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 Maarten Maartensz:    Philosophical Dictionary | Filosofisch Woordenboek

 L  - Logic - Basic - semantics - Note MT2


 

This note contains the proof of the following proposition:

MT2. The PL-part of BL entails standard classical propositional logic.

The strategy for proving MT2 is to prove that the PL-part of BL entails the axioms of Hilbert-Bernays for CPL. These are well-known, and specified by Wang, 'Logic, Computers and Sets' p. 308, as follows:

HB1a.  P --> (Q --> P)
HB1b. (P --> (P --> Q)) --> (P --> Q)
HB1c. (P --> Q) --> ((Q --> R) --> (P --> R))
HB2a. (P&Q) --> P
HB2b. (P&Q) --> Q
HB2c. (P --> Q) --> ( (P --> R) --> (P --> (Q&R)) )
HB3a.  P --> (PVQ)
HB3b.  Q --> (PVQ)
HB3c. (P --> Q) --> ( (Q --> R) --> ((PVQ) --> R)) )
HB4a. (P IFF  Q) --> (P -->Q)
HB4b. (P IFF  Q) --> (Q -->P)
HB4c. (P --> Q) --> ( (Q --> P) --> (P IFF Q) ) )
HB5a. (P --> Q) --> (~Q --> ~P)
HB5b.  P --> ~~P
HB5c.  ~~P --> P

For convenience of reference, here is the PL-part of BL:

Argument rules

Rep |- (Si |= Si)
IFe  |- (Sk |= Sn  |= ~Sk V Sn)
IFi   |- (~Sk V Sn |=  Sk |= Sn)

Assumption rules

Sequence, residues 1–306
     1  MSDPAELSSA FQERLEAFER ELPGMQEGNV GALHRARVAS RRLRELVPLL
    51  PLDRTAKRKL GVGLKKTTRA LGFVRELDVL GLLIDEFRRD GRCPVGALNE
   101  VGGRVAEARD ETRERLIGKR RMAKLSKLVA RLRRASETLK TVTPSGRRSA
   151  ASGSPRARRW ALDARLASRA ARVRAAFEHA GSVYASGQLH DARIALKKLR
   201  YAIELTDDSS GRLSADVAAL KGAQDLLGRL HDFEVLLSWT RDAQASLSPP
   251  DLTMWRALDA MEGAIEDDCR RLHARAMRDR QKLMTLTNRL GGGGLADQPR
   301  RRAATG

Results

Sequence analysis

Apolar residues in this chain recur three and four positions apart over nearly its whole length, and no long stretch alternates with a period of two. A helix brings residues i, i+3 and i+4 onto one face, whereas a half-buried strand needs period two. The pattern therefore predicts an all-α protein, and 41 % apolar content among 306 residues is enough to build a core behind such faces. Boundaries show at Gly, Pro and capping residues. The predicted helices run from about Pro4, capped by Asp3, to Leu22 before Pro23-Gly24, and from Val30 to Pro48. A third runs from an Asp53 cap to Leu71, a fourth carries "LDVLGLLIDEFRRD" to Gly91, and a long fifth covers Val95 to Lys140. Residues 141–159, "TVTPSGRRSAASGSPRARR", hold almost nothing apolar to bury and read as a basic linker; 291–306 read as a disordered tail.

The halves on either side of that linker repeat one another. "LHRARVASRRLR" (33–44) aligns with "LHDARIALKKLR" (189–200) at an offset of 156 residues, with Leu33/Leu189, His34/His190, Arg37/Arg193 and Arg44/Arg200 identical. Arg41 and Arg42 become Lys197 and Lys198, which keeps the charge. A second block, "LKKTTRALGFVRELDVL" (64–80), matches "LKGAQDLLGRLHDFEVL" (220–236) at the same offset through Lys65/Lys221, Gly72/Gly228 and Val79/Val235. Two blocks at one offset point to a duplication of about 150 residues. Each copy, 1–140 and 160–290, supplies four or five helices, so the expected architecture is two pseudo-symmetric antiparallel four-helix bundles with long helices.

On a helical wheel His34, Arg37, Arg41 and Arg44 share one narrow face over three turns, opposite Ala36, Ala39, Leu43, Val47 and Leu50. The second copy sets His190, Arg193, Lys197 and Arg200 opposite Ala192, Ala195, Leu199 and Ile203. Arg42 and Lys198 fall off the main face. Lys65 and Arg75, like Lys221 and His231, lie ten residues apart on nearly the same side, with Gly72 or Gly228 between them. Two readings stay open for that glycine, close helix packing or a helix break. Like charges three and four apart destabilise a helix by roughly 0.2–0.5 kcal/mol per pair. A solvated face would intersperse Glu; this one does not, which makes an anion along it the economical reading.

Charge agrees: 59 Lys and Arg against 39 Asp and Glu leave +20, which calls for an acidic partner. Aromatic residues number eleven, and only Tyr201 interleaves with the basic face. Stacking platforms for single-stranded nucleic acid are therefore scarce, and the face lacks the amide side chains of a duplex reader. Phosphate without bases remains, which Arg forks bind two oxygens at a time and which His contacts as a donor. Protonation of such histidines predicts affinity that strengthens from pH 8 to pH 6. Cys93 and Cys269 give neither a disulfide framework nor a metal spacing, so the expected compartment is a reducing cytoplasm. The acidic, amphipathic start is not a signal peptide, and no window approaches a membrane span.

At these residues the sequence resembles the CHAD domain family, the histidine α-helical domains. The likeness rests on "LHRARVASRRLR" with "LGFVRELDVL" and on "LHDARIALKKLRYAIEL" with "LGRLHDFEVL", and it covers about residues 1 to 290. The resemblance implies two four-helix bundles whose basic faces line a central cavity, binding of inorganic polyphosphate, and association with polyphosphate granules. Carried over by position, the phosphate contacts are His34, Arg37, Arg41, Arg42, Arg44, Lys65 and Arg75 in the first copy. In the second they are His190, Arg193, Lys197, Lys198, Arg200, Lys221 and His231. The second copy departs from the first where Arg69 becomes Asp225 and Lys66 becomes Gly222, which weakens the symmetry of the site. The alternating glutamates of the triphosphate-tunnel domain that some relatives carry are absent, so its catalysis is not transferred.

Ai   |- (Si*)
Ae  |- (Si* .. Sn) |= (Si |= Sn)) - if Si is the last assumption in (S Si* .. Sn)

Conjunction rules

Ci    |- (Si .. Sk) |= Si&Sk)
Ce1 |- (Si&Sk)   |= (Si)
Ce2 |- (Si&Sk)   |= (Sk)

Disjunction rules

Di1  |- (Si)                  |= (SiVSj)
Di2  |- (Sj)                  |= (SiVSj)
De   |- (SiVSj .. ~SiVSj) |= (Sj)

Definitions of logical constants

|- 'Si --> Sj' for '~SiVSj'
|- 'Si IFF Sj' for 'Si --> Sj & Sj --> Si'

Substitution rules

Var  |- If |-(A) and (A') is a variant of (A), then |-(A')
Sub |- If |-(A), then |-B|C.A

In the substitution-rules, the term 'variant' is explained as follows. The term 'expression' stands for 'a sequence of terms', regardless of whether we can attribute a meaning to an expression. Now, if A and B are two expression, then B is said to be a variant of A if and only if whenever the i-th and the j-th terms of A are the same so are the i-th and the j-th terms of B and whenever the i-th term of A is a constant the i-th term of B is the same constant.